Uric Acid, a risk for metabolic derangements

The study shows that elevated uric acid predicts metabolic anomalies in 5 years; such as high blood pressure, high cholesterol, low kidney function, increased body weight, and tendency for diabetes type 2.

Although research was done in a Japanese cohort, results could apply to other populations, given the established association between hyperuricemia and metabolic syndrome.

Findings could be clinically relevant as uric acid test is overall inexpensive but yet able identifying higher risk individuals, who could benefit from closer observation and earlier lifestyle modifications.



Prospective Study

April 2017

Whether asymptomatic hyperuricemia in the absence of comorbidities increases the risk for cardiometabolic disorders and chronic kidney disease remains controversial. This study was conducted to clarify the association between asymptomatic hyperuricemia and cardiometabolic conditions.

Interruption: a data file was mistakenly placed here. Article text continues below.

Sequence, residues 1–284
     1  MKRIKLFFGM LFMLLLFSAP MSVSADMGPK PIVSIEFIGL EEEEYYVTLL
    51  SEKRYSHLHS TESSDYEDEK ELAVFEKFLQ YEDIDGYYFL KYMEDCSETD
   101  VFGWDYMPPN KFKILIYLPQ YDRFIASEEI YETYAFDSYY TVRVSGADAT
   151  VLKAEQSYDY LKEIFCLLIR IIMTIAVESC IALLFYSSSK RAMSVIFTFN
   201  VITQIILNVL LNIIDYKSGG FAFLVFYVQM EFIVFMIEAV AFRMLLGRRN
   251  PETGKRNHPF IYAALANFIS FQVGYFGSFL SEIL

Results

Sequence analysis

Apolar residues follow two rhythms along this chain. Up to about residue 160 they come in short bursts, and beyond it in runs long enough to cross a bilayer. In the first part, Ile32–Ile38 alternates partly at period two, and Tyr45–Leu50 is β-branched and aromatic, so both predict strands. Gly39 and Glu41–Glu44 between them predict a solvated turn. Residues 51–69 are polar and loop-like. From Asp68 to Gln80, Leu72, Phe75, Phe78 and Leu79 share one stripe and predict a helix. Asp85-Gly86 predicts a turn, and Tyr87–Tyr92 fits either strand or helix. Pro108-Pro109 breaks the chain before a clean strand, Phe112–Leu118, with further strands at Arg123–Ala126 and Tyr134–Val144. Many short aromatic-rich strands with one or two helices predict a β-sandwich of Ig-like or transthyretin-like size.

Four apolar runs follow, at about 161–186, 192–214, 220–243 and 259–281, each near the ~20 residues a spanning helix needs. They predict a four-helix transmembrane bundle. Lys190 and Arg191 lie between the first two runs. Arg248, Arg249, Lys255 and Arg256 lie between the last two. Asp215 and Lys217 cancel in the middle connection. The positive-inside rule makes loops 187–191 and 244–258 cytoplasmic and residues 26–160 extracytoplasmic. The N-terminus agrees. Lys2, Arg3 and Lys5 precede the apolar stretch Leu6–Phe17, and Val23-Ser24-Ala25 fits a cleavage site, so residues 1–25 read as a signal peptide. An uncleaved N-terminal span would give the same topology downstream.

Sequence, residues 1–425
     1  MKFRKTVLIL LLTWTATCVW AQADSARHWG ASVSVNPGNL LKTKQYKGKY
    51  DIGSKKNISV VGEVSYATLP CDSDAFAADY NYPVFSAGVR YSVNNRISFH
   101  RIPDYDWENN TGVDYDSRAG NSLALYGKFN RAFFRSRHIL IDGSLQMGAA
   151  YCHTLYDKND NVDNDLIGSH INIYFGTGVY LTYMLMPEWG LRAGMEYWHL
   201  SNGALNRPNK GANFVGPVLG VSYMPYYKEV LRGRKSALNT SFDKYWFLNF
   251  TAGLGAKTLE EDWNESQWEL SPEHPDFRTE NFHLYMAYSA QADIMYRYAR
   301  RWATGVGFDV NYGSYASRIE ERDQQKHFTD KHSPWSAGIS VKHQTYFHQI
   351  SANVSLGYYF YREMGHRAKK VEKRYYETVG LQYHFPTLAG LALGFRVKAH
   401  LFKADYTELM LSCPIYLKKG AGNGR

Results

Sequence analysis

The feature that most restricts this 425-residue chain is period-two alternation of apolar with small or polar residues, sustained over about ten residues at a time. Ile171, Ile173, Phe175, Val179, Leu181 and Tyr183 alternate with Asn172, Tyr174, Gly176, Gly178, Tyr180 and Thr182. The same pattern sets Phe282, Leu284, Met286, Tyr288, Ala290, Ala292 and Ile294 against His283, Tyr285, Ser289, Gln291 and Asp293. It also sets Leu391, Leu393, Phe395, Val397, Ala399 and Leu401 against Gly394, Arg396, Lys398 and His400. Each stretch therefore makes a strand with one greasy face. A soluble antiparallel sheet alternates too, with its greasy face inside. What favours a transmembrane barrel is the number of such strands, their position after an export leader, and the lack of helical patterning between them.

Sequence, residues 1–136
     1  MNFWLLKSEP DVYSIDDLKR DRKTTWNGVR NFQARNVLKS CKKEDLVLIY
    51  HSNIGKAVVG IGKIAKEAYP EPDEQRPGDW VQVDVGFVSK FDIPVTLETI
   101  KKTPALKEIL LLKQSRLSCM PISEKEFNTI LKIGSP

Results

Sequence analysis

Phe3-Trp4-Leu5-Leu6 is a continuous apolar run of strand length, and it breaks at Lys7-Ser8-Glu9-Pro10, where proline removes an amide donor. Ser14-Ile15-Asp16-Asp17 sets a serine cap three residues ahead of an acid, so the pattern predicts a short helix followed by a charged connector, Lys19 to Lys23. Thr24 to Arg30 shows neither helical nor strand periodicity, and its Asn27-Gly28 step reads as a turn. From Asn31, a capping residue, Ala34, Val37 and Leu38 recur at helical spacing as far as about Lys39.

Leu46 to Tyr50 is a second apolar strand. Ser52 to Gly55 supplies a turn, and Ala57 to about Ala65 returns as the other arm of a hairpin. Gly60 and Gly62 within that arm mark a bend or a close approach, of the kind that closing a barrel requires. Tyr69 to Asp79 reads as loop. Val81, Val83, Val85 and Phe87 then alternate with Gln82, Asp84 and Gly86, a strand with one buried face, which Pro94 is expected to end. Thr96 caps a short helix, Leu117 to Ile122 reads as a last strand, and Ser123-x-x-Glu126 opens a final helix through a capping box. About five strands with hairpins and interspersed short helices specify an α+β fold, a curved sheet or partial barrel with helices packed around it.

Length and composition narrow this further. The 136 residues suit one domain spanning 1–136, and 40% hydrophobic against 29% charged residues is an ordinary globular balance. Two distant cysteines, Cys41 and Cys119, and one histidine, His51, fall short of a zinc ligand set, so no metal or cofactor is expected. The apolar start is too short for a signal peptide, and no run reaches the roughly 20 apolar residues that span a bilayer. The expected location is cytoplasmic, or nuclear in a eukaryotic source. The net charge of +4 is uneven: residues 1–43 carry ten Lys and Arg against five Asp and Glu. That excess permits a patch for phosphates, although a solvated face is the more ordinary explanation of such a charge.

Subjects consisting of Japanese adults between 30-85 years of age were enrolled in the study at Center for Preventive Medicine, St Luke’s International Hospital, Tokyo, and were available at enrollment (2004) and at 5-year follow-up (2009).

Subjects were excluded if they were overweight or obese, hypertensive, diabetic, and dyslipidemic, had a history of gout or hyperuricemia on medications, or had chronic kidney disease as eGFR <60. Linear and logistic regression analyses were used to examine the relationship between hyperuricemia and development of hypertension, diabetes mellitus, dyslipidemia, chronic kidney disease, and overweight/obesity (unadjusted and adjusted for age, sex, smoking, drinking habits, baseline estimated glomerular filtration rate, and body mass index).

A group of 5,899 subjects without comorbidities, mean age of 47, were followed for 5 years. Hyperuricemia (defined as >7 in men and ≥6 in women) was associated with increased cumulative incidence of hypertension (14.9% versus 6.1%; P<0.001), dyslipidemia (23.1% versus 15.5%; P<0.001), chronic kidney disease (19.0% versus 10.7%; P<0.001), and overweight/obesity (8.9% versus 3.0%; P<0.001), while diabetes mellitus (1.7% versus 0.9%; P=0.087) showed a trend but did not reach statistical significance.

In conclusion, asymptomatic hyperuricemia carries a significant risk for developing cardiometabolic conditions in Japanese individual without comorbidities.